LAST week I met with a group of residents in Drewsteignton who are trying to buy their local pub and discussed the future of post office provision in Christow and South Zeal with the chairs of the local parish councils, writes MP Mel Stride.
But first, a little background.
Our Central Devon constituency is one of the most rural in England and retaining our rural services and amenities has been one of my top priorities.
This mission stems back to before I was first elected as an MP when I raised 14,000 signatures door-to-door for my petition against the last Labour government’s post office closure programme and ran ‘Use It or Lose It’ campaigns for individual post offices.
Labour’s programme closed more than a third of post office branches across the country but here in Central Devon the losses were much smaller, with my campaign helping to save branches we would otherwise have lost.
I understand that times change. Online shopping, internet banking, more people having access to cars, changing social habits, and many other factors have all affected the financial viability of our village shops, post offices, rural bus services and local pubs.
But just like when I pounded the streets with my post office petition, we shouldn’t roll over when another amenity or service is about to be lost. Which brings me to three of the meetings I had last week.
The Drewe Arms in Drewsteignton is a special pub. It is in the record books due to having the longest serving landlady in our country’s history – Mabel Mudge – who managed The Drewe from 1919 to 1994.
The pub closed last year and a group of local residents are working to buy it and re-open it for the community.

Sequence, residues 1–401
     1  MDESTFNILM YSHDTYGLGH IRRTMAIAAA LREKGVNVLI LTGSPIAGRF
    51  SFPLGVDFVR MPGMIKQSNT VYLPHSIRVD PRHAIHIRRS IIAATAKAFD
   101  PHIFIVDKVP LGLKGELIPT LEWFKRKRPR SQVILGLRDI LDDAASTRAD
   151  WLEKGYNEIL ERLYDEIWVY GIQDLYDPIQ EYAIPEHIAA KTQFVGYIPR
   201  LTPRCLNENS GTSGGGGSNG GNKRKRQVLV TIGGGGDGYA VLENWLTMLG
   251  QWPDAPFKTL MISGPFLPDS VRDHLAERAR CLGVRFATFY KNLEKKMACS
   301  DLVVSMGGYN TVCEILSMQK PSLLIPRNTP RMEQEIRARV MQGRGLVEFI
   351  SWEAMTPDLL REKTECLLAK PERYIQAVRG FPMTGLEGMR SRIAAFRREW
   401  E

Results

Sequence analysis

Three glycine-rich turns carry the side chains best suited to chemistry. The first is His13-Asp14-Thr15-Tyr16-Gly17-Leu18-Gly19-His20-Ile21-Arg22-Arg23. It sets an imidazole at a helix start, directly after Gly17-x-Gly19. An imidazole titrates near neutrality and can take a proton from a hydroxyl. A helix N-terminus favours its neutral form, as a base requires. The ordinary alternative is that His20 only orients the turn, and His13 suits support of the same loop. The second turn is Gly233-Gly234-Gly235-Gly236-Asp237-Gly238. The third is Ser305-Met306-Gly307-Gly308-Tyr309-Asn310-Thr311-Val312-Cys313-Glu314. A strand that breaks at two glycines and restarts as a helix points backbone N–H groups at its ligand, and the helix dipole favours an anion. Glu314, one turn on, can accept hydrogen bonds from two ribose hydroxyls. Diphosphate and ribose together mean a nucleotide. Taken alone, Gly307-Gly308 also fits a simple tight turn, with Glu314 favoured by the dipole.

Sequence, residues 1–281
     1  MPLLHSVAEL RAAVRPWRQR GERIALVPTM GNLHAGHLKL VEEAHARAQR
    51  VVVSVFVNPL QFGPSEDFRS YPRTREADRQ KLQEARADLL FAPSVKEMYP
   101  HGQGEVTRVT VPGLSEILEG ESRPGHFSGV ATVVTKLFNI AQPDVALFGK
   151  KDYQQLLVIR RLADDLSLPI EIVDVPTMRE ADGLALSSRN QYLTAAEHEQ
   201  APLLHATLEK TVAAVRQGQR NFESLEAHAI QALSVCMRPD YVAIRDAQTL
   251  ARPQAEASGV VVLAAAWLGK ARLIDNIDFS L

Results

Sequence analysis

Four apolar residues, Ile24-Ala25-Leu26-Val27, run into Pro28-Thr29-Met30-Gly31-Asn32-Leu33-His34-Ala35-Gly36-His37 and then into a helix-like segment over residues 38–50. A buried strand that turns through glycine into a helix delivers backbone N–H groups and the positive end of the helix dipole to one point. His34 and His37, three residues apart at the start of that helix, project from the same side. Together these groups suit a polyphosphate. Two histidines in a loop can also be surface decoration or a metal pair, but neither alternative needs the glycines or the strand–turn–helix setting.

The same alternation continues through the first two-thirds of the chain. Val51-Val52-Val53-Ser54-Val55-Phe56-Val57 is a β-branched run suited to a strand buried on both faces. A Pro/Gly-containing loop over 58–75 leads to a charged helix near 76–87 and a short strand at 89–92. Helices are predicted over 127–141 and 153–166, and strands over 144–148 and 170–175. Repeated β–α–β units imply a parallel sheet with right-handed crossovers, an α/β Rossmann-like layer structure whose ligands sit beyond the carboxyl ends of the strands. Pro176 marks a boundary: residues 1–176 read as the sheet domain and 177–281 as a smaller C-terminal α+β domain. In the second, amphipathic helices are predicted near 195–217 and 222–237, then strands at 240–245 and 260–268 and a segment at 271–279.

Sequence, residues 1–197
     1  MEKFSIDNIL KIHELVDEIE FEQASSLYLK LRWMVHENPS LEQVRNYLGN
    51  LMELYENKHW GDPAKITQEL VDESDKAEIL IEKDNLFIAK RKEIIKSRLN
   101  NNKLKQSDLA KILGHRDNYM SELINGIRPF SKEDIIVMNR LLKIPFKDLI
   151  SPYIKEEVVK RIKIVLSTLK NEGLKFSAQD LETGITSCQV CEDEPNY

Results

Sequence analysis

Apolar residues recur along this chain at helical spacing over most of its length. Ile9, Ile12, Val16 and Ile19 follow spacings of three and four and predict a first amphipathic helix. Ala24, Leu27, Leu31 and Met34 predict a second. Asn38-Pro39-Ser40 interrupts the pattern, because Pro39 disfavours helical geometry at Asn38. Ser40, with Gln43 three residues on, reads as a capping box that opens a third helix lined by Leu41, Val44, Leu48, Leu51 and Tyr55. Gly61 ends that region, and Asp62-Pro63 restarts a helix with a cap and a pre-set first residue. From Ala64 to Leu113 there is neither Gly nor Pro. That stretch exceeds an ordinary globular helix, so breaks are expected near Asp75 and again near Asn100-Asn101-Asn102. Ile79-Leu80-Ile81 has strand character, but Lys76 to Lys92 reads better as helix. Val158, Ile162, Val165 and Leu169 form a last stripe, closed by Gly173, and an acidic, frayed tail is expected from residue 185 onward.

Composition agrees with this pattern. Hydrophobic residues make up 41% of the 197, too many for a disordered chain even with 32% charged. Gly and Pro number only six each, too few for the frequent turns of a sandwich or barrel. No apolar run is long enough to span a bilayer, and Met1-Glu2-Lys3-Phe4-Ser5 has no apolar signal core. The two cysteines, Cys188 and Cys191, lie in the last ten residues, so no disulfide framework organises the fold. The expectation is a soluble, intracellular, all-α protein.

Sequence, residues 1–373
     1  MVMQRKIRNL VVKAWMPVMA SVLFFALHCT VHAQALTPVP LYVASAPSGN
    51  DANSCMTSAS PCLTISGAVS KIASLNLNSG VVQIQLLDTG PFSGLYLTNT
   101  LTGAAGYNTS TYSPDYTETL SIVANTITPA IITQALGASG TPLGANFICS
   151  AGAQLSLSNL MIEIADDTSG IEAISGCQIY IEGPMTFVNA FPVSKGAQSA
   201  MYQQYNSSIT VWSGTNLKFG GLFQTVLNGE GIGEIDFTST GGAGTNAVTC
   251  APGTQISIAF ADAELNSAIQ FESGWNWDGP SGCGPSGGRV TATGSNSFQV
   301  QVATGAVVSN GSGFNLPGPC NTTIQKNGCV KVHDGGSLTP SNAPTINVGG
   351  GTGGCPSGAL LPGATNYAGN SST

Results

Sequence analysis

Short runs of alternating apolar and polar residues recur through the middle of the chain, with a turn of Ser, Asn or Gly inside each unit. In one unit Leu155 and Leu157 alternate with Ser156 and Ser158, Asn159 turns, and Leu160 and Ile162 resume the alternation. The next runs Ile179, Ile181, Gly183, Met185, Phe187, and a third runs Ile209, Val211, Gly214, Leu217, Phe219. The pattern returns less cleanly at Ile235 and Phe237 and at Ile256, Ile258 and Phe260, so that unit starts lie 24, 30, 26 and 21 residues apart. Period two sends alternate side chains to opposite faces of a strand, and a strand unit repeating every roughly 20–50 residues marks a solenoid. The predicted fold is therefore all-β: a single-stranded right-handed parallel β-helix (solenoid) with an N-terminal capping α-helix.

I met with some of the group at The Drewe to offer my support. Anyone interested in buying shares in the pub can email the team at [email protected].
From Drewsteignton it was over to South Zeal for a meeting with South Tawton Parish Council Chair Paul Warne.
We had recently been given notice that the post office, housed in the village shop, is likely to close with outreach services to Sticklepath, Belstone and Throwleigh also therefore at risk.
Paul and I talked through some potential future options if the Post Office concludes that replacing the departing postmaster is not financially viable and I will remain closely engaged with the Post Office over their future plans.
Christow in the Teign Valley is in a similar situation but a little further down the line. The postmistress gave notice to cease operating this spring and I have been liaising with the Post Office over how services can be accessed.
Their solution is to move the outreach service from Lower Ashton, which has less than a dozen customers, to the Teign Valley Community Hall in Christow.
I discussed this with Parish Council Chair Tom Archer and we will stay in touch as to whether this level of service meets the needs of the community.